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AIDS and Behavior

, Volume 21, Issue 9, pp 2628–2633 | Cite as

Examining the Effects of Transphobic Discrimination and Race on HIV Risk Among Transwomen in San Francisco

  • Sean Arayasirikul
  • Erin C. Wilson
  • Henry F. Raymond
Original Paper

Abstract

Transwomen, in particular transwomen of color (TWOC), are among the most vulnerable populations at risk for HIV. This secondary analysis is organized using a gender minority stress framework to examine the effects of transphobic discrimination and race on HIV risk factors. We describe the sample of 149 HIV- adult transwomen in San Francisco and use binary logistic regression to examine the relationship between levels of transphobic discrimination and TWOC status on binge drinking and condomless receptive anal intercourse (CRAI), controlling for potential confounders. Those with high levels of transphobic discrimination had 3.59 fold greater odds of engaging in binge drinking compared to those who reported a low level of transphobic discrimination (95% CI 1.284–10.034; P = 0.015). TWOC had nearly threefold greater odds of CRAI compared to white transwomen (95% CI 1.048–8.464; P = 0.040). We discuss implications for gender minority stress research and future interventions for this population.

Keywords

Transgender Transwomen Alcohol use HIV/AIDS LGBT health 

Notes

Acknowledgements

The authors would like to thank all participants in the study. This study’s funding source had no role in study design; in the collection, analysis and interpretation of data; in the writing of the report; or in the decision to submit the article for publication. SA led the development of the manuscript, conducted the statistical analysis, and conceived the data analysis plan. HRF and ECW contributed to the manuscript development.

Funding

Sean Arayasirikul was supported by the National Institute on Alcohol Abuse and Alcoholism Graduate Research Training on Alcohol Problems (T32AA007240).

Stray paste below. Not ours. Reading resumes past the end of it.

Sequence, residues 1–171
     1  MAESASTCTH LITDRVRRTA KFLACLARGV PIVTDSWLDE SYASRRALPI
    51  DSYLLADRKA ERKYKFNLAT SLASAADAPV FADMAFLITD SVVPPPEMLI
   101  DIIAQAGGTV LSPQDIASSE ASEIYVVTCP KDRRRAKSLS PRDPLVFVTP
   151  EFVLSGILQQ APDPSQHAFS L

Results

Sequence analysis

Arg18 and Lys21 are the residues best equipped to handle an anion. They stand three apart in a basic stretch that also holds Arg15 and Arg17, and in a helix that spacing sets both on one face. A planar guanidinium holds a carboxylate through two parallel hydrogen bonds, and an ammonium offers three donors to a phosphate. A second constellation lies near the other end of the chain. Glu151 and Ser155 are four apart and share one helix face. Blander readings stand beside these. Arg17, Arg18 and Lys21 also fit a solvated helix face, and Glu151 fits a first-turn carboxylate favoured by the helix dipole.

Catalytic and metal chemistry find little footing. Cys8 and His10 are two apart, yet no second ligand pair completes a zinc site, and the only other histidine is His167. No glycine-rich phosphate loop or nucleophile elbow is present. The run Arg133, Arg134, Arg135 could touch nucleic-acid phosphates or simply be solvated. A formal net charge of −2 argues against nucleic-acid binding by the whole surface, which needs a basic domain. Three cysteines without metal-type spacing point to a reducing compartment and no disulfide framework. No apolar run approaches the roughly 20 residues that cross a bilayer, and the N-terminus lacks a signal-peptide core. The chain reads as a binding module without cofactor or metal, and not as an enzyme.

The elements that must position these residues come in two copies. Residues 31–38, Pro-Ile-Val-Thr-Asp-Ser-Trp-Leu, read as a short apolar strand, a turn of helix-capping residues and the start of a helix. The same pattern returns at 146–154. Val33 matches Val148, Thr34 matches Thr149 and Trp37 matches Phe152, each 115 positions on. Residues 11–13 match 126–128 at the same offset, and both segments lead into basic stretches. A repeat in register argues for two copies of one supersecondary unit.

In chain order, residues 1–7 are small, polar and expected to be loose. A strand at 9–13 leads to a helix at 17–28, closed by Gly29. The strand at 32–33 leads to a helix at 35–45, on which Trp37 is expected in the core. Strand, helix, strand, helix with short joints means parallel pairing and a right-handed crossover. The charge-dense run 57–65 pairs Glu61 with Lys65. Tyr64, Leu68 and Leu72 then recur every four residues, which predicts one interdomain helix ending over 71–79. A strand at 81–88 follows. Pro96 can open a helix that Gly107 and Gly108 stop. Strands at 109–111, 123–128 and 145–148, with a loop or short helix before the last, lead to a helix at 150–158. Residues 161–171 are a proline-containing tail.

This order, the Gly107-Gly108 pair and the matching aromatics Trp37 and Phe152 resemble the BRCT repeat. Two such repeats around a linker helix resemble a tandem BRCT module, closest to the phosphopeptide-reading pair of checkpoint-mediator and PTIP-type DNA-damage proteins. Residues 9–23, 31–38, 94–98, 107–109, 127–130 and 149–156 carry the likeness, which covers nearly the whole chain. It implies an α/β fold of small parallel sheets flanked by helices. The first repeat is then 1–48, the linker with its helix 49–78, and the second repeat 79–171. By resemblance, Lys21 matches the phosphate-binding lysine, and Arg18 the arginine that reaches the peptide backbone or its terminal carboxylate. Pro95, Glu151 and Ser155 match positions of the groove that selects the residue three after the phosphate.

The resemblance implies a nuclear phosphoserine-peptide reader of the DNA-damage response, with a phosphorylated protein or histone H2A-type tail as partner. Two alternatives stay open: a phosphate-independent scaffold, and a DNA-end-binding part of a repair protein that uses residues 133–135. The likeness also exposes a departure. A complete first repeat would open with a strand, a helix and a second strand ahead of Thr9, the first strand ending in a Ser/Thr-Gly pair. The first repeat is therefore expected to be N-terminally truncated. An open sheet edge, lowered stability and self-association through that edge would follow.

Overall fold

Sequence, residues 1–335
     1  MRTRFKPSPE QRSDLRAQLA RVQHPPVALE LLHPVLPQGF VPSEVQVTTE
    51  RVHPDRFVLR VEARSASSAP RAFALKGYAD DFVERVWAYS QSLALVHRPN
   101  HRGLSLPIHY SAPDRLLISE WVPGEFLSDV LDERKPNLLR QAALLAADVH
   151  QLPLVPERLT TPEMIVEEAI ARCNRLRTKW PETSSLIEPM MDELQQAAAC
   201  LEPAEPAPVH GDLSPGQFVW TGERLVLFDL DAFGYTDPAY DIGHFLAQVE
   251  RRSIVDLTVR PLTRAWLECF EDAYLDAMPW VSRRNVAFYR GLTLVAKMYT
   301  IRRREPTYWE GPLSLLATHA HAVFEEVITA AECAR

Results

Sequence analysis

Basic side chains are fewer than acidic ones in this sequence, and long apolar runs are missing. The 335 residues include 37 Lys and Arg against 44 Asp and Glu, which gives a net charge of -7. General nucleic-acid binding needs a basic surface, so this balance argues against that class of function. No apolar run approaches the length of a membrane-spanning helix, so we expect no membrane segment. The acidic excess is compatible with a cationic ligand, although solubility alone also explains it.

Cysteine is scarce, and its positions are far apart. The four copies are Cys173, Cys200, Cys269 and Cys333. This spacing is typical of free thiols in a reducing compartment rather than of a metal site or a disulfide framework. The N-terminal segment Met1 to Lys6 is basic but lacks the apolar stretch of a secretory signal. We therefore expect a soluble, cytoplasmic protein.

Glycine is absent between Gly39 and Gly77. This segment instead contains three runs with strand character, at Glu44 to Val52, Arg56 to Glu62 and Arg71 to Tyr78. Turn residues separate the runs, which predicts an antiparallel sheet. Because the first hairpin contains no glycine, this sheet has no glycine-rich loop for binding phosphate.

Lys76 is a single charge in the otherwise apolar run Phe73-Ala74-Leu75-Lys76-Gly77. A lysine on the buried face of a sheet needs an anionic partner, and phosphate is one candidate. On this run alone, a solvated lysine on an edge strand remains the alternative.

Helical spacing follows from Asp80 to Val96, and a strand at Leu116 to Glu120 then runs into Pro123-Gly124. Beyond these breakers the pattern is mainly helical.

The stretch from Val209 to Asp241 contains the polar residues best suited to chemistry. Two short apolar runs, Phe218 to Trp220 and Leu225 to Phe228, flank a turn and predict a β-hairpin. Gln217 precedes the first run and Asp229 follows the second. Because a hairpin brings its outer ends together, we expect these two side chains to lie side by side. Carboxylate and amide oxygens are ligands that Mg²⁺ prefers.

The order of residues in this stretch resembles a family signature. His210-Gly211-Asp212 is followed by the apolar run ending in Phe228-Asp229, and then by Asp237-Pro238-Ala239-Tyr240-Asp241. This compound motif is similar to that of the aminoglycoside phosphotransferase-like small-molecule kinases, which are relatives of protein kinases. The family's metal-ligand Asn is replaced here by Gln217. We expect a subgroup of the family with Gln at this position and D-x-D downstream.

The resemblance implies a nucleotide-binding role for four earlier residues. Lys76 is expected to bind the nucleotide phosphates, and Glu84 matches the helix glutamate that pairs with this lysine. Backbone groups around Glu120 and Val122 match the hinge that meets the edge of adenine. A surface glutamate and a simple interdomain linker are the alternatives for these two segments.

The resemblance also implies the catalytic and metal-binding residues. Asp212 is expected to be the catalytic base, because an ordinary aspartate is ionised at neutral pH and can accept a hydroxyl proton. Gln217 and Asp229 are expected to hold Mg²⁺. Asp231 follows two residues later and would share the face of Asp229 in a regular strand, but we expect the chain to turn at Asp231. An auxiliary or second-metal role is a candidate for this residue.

Compliance with Ethical Standards

Conflict of interest

The authors declare that they have no conflict of interest.

Ethical Approval

All procedures performed in studies involving human participants were in accordance with the ethical standards of the institutional and/or national research committee and with the 1964 Helsinki declaration and its later amendments or comparable ethical standards.

Informed consent

Informed consent was obtained from all individual participants included in the study.

Research involving human participants and/or animals

All study procedures were approved by the IRB at the University of California, San Francisco. We have also included supporting statements before the References section to reaffirm ethical conduct of this research study.

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Copyright information

© Springer Science+Business Media New York 2017

Authors and Affiliations

  1. 1.Department of Social and Behavioral SciencesUniversity of California, San FranciscoSan FranciscoUSA
  2. 2.Center for Public Health ResearchSan Francisco Department of Public HealthSan FranciscoUSA
  3. 3.Department of Epidemiology and BiostatisticsUniversity of California, San FranciscoSan FranciscoUSA

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